Call for Special Prosecutor, War Crimes Commission
John Yoo, David Addington Stonewall Congress; National Lawyers Guild Urges Special Prosecutor, Congressional War Crimes Commission
FOR IMMEDIATE RELEASE, June 26, 2008
Today the House Judiciary Committee's Subcommittee on the Constitution, Civil Rights and Civil Liberties continued its investigation into the role played by key administration lawyers in the development of aggressive interrogation techniques. This was the third hearing of this subcommittee on this topic. The witnesses who testified were former Department of Justice lawyer John Yoo; Cheney's former legal counsel and now chief of staff, David Addington; and Christopher Schroeder, professor at Duke Law School.
NLG President Marjorie Cohn had testified at the first subcommittee hearing on May 6, articulating the law of torture, and stating that torture is never allowed under U.S. law. Today’s hearing was attended by Jeanne Mirer, co-chair of the NLG’s International Committee.
Yoo's testimony revealed that the guiding principle of his work at the Justice Department was his belief in the overriding power of the President to order anything he thinks necessary in the "war on terror." When specifically asked, "Is there anything that the President cannot order?" Yoo answered "I believe there are things an American President WOULD not order." He was asked again, "Are there things the President COULD not order?" Yoo replied that he would "have to know the context." Dan Mayfield from the NLG Military Law Task Force stated, "This is consistent with Yoo's previous statement that the President could order torture of a person up to and including the crushing of the testicles of a person's son in order to make the person talk." When asked whether a President could order that someone be buried alive, Yoo's answer was non-responsive: "No American president would ever have to order that," he said.
While Yoo claimed there was little in the law which helped to define torture, Shroeder pointed out the wealth of guidance that exists in the areas of asylum and immigration law. Yoo admitted that the Convention Against Torture and the U.S. Torture Statute both define torture. Yet he wrote his memos to re-define torture so that those following his re-definition could state, "We do not torture." Marjorie Cohn said, "Yoo's memos so vastly narrowed the definition of torture, the interrogator would nearly have to kill someone for it to constitute torture."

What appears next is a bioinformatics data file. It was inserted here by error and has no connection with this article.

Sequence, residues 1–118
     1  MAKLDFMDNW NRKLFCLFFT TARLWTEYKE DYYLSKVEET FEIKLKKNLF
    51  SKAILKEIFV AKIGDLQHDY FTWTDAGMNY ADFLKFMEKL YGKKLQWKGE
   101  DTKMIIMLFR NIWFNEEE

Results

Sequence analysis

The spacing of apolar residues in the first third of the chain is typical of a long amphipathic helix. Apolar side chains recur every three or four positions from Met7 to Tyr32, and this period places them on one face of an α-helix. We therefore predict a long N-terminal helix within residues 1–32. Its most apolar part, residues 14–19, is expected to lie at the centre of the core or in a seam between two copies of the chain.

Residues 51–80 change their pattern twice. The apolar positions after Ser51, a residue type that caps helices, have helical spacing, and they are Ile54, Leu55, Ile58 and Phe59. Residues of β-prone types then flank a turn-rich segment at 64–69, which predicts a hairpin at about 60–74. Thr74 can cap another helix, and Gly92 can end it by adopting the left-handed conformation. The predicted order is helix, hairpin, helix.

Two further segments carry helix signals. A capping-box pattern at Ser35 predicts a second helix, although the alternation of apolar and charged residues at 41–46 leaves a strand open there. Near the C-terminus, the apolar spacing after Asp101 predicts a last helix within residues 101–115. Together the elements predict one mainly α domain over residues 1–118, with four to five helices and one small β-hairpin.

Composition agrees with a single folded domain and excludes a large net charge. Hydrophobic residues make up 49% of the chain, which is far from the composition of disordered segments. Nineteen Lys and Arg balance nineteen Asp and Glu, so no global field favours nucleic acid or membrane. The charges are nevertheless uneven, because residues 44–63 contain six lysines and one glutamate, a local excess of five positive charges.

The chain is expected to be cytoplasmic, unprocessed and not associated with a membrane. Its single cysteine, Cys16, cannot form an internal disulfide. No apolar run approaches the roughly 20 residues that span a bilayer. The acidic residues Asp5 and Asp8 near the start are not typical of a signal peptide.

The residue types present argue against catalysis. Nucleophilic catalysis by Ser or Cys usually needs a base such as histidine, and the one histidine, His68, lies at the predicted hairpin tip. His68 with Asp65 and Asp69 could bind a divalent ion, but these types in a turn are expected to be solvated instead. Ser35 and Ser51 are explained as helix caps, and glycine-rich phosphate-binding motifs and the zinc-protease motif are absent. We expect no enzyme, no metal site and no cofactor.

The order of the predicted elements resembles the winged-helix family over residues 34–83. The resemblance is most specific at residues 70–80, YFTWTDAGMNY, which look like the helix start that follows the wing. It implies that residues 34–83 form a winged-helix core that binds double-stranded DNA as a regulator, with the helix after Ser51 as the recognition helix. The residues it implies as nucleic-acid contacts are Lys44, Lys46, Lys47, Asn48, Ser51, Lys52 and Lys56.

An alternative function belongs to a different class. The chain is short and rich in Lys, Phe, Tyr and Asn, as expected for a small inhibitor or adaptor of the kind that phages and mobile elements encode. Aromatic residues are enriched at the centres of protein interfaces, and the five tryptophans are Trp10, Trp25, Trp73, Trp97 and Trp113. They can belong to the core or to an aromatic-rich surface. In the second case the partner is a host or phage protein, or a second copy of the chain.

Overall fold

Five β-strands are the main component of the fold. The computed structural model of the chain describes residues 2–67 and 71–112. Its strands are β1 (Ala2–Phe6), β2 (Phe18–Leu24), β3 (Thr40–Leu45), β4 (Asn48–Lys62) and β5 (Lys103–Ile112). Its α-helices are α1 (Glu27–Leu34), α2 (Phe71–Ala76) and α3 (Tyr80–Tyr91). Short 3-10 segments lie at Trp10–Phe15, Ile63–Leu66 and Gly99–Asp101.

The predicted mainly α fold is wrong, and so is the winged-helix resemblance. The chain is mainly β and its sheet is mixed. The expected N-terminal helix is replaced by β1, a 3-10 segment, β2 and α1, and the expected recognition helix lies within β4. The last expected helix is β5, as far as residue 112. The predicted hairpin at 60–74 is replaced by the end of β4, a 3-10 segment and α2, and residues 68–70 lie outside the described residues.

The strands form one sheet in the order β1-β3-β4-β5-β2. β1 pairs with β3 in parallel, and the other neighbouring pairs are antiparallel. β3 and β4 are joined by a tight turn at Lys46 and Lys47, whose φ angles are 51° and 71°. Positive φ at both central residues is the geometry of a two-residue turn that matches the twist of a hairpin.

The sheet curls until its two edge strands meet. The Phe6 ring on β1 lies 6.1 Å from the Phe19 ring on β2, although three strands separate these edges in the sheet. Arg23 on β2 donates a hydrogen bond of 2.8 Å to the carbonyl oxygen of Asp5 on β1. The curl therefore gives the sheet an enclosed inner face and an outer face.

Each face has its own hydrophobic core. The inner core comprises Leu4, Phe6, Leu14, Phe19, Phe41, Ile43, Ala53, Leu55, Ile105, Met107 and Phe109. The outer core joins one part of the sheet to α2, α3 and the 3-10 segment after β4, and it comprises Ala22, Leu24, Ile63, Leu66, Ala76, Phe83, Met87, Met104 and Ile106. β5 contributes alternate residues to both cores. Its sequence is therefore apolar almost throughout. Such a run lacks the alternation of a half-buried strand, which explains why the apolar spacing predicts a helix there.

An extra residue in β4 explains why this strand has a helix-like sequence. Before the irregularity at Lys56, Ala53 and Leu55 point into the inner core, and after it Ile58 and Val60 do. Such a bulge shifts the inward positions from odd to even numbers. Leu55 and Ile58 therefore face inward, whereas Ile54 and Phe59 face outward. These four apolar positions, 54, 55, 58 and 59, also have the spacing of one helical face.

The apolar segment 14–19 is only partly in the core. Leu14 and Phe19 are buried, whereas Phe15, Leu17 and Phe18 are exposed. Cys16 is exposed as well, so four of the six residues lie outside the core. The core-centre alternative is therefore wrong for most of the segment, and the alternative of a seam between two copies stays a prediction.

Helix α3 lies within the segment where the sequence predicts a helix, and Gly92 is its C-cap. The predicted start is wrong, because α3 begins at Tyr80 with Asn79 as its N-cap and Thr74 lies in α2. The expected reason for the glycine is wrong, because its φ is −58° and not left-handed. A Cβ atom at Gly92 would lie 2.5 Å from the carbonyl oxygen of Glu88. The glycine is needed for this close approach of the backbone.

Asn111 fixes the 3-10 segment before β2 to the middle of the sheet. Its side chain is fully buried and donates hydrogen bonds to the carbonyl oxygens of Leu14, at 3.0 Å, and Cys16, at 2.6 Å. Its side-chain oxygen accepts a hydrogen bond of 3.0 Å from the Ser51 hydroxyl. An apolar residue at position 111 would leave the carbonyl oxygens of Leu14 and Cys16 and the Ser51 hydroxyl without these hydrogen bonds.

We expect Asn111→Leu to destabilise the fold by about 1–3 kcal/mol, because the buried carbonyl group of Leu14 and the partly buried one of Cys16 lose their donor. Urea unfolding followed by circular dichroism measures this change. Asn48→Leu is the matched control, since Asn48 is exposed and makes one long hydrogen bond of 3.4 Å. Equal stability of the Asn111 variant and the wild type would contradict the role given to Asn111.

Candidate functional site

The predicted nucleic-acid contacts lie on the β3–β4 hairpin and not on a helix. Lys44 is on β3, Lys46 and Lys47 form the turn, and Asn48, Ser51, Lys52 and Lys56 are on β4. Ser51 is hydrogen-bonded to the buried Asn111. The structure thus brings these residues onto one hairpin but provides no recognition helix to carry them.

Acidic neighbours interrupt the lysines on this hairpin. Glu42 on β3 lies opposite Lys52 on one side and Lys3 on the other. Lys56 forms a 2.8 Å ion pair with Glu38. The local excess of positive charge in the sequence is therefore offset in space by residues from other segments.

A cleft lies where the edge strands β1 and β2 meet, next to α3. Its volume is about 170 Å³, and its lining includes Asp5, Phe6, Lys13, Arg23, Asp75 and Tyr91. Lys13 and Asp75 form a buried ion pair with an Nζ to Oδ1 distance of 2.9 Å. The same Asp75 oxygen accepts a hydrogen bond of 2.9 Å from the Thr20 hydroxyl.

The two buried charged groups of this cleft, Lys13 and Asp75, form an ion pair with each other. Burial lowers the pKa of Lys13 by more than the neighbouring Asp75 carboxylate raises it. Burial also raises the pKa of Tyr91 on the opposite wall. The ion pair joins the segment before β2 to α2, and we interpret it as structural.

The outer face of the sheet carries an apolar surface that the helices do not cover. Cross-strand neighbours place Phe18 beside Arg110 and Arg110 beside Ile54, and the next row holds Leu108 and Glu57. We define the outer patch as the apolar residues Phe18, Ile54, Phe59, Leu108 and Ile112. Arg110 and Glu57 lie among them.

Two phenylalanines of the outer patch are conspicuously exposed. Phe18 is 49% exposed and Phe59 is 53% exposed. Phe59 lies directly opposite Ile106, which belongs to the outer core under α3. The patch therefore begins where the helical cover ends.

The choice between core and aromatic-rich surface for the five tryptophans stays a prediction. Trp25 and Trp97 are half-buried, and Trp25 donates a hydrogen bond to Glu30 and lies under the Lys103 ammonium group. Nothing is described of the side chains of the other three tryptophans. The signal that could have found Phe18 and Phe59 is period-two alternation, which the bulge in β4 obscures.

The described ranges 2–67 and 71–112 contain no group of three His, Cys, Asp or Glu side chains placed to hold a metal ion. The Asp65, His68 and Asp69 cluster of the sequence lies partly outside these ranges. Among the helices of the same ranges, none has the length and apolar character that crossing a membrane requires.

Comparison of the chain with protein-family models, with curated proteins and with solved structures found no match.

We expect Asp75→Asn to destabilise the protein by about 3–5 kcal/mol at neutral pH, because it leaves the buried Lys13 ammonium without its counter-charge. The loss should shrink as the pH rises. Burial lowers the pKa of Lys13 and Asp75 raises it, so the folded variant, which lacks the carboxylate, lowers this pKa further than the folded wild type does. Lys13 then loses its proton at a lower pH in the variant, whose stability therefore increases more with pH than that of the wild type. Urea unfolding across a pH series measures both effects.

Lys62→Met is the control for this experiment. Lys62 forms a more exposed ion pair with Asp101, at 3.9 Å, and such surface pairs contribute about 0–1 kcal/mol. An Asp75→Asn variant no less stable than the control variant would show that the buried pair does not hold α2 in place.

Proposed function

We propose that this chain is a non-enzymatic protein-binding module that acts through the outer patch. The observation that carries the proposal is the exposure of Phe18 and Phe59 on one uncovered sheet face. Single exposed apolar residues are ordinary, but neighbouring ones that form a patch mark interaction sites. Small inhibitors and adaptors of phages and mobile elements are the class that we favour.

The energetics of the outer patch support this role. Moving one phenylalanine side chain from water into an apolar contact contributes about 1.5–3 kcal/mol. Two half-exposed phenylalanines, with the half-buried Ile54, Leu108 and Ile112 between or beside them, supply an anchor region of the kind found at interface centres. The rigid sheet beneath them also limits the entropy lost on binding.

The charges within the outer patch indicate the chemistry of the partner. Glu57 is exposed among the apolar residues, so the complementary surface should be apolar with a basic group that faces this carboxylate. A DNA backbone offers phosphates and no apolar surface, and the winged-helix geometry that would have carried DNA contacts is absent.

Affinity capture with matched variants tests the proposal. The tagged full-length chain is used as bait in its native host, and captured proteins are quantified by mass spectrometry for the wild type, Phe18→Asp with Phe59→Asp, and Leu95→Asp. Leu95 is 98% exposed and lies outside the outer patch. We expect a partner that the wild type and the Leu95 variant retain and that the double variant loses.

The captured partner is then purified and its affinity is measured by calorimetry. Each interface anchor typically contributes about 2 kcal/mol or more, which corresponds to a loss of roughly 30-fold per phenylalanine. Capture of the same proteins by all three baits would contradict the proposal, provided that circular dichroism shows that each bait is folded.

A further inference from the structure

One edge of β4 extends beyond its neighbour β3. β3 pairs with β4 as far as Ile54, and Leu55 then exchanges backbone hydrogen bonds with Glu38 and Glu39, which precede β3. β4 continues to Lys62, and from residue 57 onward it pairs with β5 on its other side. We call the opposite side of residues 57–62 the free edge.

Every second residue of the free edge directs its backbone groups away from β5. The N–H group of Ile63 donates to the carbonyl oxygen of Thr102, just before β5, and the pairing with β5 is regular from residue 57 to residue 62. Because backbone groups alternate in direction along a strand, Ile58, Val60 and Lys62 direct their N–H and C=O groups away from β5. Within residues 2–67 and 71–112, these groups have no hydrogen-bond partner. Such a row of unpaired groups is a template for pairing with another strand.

Yoo and Addington were evasive, repeatedly stonewalling members of the subcommittee. The Justice Department evidently placed limitations on what Yoo was allowed to discuss, but he invoked privileges where it did not appear privilege was authorized. This led to Yoo's refusal to answer several direct questions. Jeanne Mirer stated, “The evasiveness of Yoo and Addington did not earn them credibility with the subcommittee, and frustrated many of the questioners. These tactics prevented the subcommittee from getting answers to the many important questions about the source of legal authority for the positions espoused in the 'torture memos' regarding aggressive interrogation techniques.”
The NLG has decried the use of torture techniques as well as efforts by lawyers to try to justify them. The NLG has called for holding accountable those who violated the law. While these hearings have helped to establish the record, there is a need for a full blown investigation which could lead to a call for criminal prosecution. The NLG calls for the appointment of an independent special prosecutor, and the establishment of a congressionally appointed commission to investigate potential wrongdoing, including the commission of war crimes, by high officials and lawyers of the Bush administration.
Founded in 1937 as an alternative to the American Bar Association, which did not admit people of color, the National Lawyers Guild is the oldest and largest public interest/human rights bar organization in the United States. Its headquarters are in New York and it has chapters in every state.